Morphologic Diagnoses:

  1. Airsacculitis, fibrinous and heterophilic, diffuse, severe with intralesional gram negative bacteria
  2. Epicarditis, fibrinous, heterophilic and granulomatous, multifocal, severe
  3. Hepatic and splenic fibrin deposition
  4. Splenic lymphoid depletion, diffuse, severe

Etiology: Riemerella anatipestifer (formerly Pasteurella anatipestifer) is a non-spore forming, non-motile, catalase and oxidase positive, gram negative rod. There are more than 20 immunotypes (or serotypes). Riemerella anatipestifer can be a part of the normal flora in the upper respiratory tract of some domestic and wild duck species. This adult duck also tested positive for circovirus which may have compromised the immune system and made it more susceptible to infection. Cause of death in two of the three ducks necropsied from this event was R. anatipestifer. Mycobacteriosis was the cause of death in the third duck. The cause of the overall mortality event is not known.

Disease: New duck disease.

Distribution: Worldwide.

Host range: Ducks, geese, turkeys, pheasants, and chickens; young are more susceptible than adults.

Transmission: In ducks, transmission is via the respiratory route or can occur when introduced into lesions in foot webbing.

Clinical signs: Ducklings have ocular and nasal discharge, mild coughing and sneezing, tremors of the head and neck, depression, and incoordination progressing to obtundation and death. Terminally, ducklings may lie on their backs and paddle their legs.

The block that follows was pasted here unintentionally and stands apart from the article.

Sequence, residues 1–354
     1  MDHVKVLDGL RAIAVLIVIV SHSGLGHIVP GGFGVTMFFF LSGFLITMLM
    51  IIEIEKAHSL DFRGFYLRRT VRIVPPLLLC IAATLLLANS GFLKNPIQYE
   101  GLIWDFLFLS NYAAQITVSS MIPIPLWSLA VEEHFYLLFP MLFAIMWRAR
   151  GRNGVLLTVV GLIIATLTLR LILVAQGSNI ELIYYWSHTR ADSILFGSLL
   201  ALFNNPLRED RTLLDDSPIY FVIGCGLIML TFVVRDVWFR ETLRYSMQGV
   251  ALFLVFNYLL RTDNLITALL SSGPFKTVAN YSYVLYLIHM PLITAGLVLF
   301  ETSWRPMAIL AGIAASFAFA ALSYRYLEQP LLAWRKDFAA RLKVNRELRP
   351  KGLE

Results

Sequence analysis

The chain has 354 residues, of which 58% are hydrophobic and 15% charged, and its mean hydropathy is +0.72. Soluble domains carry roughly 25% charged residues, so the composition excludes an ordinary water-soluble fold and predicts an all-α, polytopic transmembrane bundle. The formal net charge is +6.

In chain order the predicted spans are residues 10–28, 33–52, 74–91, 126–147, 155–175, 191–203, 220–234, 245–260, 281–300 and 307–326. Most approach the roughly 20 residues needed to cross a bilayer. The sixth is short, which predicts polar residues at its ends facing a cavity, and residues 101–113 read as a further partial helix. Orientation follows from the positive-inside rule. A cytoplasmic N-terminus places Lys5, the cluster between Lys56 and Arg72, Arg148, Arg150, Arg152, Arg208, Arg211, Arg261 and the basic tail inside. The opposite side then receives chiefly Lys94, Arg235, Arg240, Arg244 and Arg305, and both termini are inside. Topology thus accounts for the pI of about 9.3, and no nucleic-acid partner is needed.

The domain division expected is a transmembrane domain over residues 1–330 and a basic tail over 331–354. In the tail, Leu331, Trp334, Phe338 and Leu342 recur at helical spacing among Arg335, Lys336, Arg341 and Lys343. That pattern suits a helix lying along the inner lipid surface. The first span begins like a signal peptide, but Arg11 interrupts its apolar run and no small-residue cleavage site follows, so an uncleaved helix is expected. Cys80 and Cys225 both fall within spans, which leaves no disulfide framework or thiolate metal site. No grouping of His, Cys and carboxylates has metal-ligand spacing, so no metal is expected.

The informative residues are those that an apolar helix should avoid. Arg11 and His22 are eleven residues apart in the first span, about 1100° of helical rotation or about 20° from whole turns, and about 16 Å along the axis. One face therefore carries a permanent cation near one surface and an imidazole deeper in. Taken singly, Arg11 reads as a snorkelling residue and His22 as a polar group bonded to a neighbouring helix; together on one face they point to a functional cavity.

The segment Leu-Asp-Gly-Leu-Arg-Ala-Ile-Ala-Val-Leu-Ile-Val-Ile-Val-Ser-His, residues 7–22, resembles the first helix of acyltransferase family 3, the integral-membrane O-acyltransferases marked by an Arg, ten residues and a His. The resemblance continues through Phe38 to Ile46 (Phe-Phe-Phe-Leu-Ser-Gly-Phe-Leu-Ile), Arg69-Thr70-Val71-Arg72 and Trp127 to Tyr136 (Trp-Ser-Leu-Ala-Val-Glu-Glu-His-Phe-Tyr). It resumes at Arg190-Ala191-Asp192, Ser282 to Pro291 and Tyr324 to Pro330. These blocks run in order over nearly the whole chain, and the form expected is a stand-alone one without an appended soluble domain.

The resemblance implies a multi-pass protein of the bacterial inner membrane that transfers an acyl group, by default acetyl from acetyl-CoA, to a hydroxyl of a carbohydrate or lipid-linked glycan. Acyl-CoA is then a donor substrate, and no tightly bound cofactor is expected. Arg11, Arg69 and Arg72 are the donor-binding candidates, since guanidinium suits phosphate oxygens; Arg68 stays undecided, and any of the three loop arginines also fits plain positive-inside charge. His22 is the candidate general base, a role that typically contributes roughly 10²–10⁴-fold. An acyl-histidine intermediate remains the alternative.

Pathology: Lesions include fibrinous pericarditis, perihepatitis, airsacculitis, meningitis, and mucopurulent or caseous salpingitis. Hepatosplenomegaly and pneumonia may occur. Mortality in ducks usually ranges from 2% to 50%.

Diagnosis: Susceptible species with characteristic histopathology; bacterial culture; PCR and subsequent sequencing. Because R. anatipestifer can be part of normal flora, culture alone is not sufficient for a diagnosis of new duck disease.

Public health concerns: No known human health concerns.

Management: Management practices in domestic poultry include strict biosecurity, vaccination, and all-in/all-out management systems.

References:

  • Chikuba T, Uehara H, Fumikura S, Takahashi K, Suzuki Y, Hoshinoo K, Yamamoto Y. 2016. Riemerella anatipestifer infection in domestic ducks in Japan, 2014. J Vet Med Sci: 78:1635–1638, https://doi.org/10.1292/jvms.16-0278
  • Merck Veterinary Manual. 2016. Riemerella anatipestifer infection in poultry, https://www.merckvetmanual.com/ Accessed January 10, 2022.
  • Ryll M, Christensen H, Bisgaard M, Christensen JP, Hinz KH, Köhler B. 2001. Studies on the prevalence of Riemerella anatipestifer in the upper respiratory tract of clinically healthy ducklings and characterization of untypable strains. J Vet Med B Infect Dis Vet Public Health: 48:537–546, https://doi.org/10.1111/j.1439-0450.2001.00471.x